St. Agnes of Prague was born in Prague in 1200. She was the daughter of the King of Bohemia and Constance of Hungary, who was a relative of St. Elizabeth. When she was young, Agnes was sent to the monastery of Treinitz, where she was educated by the Cistercian religious. 

Agnes was betrothed to Henry, the son of Holy Roman Emperor Frederick II, but when the time came for them to be married, they backed out. Agnes’ father then planned to marry her to Henry III of England, but the emperor vetoed this because he wanted to marry her himself. 

Instead, Agnes dedicated herself to consecrating her life to God in a cloister. Emperor Frederick is said to have relinquished his plans, saying “If she had left me for a mortal man, I would have taken vengeance with the sword, but I cannot take offense because in preference to me she has chosen the King of Heaven.”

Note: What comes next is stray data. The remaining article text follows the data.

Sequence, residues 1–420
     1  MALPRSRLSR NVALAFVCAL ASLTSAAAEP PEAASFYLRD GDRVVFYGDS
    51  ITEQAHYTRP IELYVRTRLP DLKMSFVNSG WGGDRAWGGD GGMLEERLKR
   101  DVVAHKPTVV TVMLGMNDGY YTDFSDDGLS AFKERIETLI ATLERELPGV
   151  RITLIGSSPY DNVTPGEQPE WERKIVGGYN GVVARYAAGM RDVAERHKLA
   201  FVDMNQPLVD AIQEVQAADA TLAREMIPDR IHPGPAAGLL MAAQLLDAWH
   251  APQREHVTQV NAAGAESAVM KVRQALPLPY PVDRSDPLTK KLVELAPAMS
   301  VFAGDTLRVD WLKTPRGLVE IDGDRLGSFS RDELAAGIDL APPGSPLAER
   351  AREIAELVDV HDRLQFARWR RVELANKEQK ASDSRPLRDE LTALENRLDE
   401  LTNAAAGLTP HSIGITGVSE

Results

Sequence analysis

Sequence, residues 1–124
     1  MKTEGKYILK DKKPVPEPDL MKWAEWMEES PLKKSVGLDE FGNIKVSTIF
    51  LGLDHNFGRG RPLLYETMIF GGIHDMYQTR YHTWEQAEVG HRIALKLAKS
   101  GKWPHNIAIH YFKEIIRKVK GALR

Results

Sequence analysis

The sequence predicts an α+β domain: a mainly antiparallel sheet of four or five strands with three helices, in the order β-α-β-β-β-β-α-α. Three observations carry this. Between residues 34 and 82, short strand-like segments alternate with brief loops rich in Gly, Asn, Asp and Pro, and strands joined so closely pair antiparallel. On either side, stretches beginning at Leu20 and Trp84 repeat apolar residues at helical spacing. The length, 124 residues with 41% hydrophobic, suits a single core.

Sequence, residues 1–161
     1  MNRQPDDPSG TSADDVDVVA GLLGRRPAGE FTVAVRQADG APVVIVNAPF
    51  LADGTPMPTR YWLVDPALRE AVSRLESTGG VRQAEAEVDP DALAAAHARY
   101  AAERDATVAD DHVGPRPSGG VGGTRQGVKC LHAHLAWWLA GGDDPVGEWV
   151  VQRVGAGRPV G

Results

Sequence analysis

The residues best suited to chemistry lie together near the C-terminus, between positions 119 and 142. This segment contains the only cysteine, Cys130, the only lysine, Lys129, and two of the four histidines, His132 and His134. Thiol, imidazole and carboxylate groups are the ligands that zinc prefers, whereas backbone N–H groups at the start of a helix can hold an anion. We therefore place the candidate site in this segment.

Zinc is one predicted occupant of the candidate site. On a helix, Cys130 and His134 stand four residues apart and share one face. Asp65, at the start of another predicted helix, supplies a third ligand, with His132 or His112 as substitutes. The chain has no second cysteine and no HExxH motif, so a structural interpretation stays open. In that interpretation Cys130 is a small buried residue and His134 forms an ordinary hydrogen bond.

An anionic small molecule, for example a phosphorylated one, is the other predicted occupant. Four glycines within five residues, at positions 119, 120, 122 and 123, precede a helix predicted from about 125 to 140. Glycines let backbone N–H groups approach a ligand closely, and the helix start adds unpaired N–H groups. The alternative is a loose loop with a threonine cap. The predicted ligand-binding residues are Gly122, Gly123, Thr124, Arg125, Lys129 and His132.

Agnes entered the Order of St. Clare in the monastery of St. Saviour at Prague, which she had built. She was elected abbess, and became a model of virtue and religious observance. God favored her with the gift of miracles, and she predicted her brother Wenceslaus’ victory over the duke of Austria. 

The exact year of her death is not known, but Agnes is believed to have died in 1281. She was beatified in 1874 by Pope Pius IX and canonized by Pope John Paul II on November 12, 1989.